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Morecambe school closed for fourth day after floods

Morecambe Road School on Thursday following the flooding.
Morecambe Road School on Thursday following the flooding.
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Floods have forced a school for children with special needs to shut for the fourth day running.

Morecambe Road School had to tell pupils to stay at home again today due to water damage to its boiler following last week’s unprecedented rainfall.

Flood water underneath a Bay Gateway bridge on Thursday. Photo by Greg Lambert.

Flood water underneath a Bay Gateway bridge on Thursday. Photo by Greg Lambert.

The school suffered flooding during the highest recorded rainfall in our area over a 24-hour period in more than 50 years.

Morecambe Road, which caters for almost 150 children with special educational needs, was surrounded by water of up to 45cm deep as floods wreaked havoc in the area following persistent rain throughout Wednesday and on Thursday morning.

The nearby Lancaster and Morecambe College was also closed on Thursday and Friday due to a flooded boiler room – then reopened on Monday – and a playing field next to the link road junction was submerged in water.

“We have no heating and no hot water so we are closed on health and safety grounds,” said Paul Edmondson, Morecambe Road head teacher.

Eddy Bayton tweeted us this photo of the attenuation pond at The Bay Gateway which had overflowed blocking Barley Cop Lane & The Crematorium, also flooding nearby cricket grounds.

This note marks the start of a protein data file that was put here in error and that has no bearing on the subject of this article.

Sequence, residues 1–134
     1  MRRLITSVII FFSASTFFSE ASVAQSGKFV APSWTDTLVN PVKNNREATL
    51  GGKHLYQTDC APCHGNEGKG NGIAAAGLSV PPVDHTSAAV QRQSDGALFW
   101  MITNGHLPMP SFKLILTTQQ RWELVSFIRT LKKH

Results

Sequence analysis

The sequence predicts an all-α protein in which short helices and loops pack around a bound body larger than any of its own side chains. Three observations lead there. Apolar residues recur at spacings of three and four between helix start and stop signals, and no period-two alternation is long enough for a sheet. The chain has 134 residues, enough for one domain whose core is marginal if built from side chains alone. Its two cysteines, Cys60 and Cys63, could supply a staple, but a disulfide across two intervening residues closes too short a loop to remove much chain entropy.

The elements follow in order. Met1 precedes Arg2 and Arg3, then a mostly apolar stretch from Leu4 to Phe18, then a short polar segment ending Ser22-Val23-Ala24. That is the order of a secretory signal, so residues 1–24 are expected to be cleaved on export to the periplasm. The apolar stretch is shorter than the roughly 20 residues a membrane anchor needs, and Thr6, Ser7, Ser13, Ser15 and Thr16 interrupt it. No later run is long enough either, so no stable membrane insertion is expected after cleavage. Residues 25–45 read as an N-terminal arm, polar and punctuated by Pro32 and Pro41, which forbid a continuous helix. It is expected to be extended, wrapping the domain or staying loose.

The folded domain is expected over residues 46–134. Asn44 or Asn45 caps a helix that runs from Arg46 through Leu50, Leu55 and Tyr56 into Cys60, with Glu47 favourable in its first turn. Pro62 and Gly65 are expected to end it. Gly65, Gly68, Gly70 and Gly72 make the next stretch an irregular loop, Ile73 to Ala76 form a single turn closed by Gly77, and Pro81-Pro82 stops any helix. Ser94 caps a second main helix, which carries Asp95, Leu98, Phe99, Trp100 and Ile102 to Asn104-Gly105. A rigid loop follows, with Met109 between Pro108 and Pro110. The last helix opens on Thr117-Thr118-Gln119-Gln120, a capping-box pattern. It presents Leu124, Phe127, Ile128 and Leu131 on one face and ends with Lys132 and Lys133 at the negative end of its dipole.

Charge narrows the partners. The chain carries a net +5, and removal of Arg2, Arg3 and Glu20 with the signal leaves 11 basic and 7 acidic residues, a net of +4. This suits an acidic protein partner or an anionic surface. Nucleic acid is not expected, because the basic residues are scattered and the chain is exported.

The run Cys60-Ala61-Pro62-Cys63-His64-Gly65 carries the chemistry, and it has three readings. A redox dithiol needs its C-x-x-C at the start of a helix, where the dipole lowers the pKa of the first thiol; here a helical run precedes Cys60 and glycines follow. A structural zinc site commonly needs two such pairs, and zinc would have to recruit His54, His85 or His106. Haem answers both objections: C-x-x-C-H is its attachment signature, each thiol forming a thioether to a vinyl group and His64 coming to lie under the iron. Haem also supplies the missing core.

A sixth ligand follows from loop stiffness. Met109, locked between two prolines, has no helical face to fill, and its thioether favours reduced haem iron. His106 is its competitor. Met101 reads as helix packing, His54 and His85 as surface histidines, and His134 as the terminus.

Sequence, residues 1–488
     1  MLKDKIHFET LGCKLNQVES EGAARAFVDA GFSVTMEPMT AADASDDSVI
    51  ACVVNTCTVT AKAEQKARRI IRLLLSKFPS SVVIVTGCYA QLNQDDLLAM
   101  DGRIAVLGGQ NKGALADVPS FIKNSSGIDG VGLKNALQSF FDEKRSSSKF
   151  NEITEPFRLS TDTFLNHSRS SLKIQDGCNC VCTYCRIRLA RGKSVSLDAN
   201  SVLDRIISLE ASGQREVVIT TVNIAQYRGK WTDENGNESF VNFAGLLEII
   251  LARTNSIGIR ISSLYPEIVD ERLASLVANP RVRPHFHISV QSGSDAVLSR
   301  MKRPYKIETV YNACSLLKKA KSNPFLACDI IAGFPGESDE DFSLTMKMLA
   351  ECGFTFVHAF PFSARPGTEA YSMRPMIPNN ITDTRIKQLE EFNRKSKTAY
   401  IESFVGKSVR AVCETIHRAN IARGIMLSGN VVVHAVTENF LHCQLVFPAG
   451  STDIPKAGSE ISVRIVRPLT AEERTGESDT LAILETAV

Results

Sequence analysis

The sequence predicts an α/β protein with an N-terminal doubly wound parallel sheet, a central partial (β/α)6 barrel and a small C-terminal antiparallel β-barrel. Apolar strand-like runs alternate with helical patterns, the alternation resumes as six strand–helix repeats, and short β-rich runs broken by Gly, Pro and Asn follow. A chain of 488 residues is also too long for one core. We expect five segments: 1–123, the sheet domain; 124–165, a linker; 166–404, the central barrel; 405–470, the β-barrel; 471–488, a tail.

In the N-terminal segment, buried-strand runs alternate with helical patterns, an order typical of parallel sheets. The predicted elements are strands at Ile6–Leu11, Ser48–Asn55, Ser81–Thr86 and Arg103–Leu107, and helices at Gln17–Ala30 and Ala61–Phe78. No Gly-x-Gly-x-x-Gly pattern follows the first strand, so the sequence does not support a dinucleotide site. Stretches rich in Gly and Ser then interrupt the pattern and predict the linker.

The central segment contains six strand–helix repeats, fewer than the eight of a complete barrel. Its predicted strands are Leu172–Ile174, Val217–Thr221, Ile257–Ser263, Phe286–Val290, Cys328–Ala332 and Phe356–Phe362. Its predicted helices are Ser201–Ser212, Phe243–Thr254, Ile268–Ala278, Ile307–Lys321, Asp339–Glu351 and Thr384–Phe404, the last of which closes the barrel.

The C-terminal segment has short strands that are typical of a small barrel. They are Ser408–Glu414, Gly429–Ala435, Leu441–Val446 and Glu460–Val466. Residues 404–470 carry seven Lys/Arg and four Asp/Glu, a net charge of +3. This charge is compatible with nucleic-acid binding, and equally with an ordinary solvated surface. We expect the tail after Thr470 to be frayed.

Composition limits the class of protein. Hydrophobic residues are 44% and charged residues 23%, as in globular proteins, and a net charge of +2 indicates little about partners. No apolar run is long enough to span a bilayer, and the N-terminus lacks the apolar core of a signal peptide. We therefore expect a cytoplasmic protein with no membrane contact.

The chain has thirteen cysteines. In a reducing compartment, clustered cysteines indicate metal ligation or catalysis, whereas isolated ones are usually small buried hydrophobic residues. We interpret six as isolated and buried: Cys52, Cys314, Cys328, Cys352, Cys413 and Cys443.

Eddy Bayton tweeted us this photo of the attenuation pond at The Bay Gateway which had overflowed blocking Barley Cop Lane & The Crematorium, also flooding nearby cricket grounds.

A temporary boiler had been delivered and engineers were on site on Tuesday setting it up.

It is hoped the school will be open on Wednesday and an announcement is due later today.

Mr Edmondson also thanked parents and staff for their support during the closure.

He said after the floods on Thursday: “The school itself is a little island in a field of water that’s not going away.”

Mr Edmondson said the county council had been contacted to ask whether the new road had caused the problem.

Elaine Singleton, who lives on Torrisholme Road, said last week that flooding had only occurred this badly in the vicinity since the link road was built.

“The route of the road was marshland and any excess rain always drained away into it,” she said.

“Now the marsh has gone and the water finds other places to go.”

A spokesman for Lancashire County Council said “The Bay Gateway was designed to current standards and the scheme had to meet checks in place as part of the planning process upon its impact on the surrounding environment.

“The main cause of the flooding in Lancaster last week was the very intense rainfall, recorded as being the highest in a 24 hour period in more than 50 years, and we believe there is nothing to suggest that the Bay Gateway’s drainage systems contributed to flooding in the surrounding area.

“However, following the concerns raised by Morecambe Road School, we are due to carry out inspections this week to ensure that drainage ditches along the road are clear and working as they should be.”

Meanwhile residents of Low Lane, Mattock Crescent, Michaelson Avenue and adjacent roads in Torrisholme have set up a ‘Low Lane Flood Action Group’ and will be meeting with Lancashire County Council after flooding hit the area for the third time this year.

They will be having an open meeting for all affected and interested residents after the meeting with the council to decide upon next actions.

Councillor Charlie Edwards said: “Across the Lancaster District, I would urge residents to come together to find small groups that are concentrated to the immediate vicinity of where you are affected, and make representations to both councils that they need to change their flood, risk management and planning policies to avoid this kind of flooding in the future.”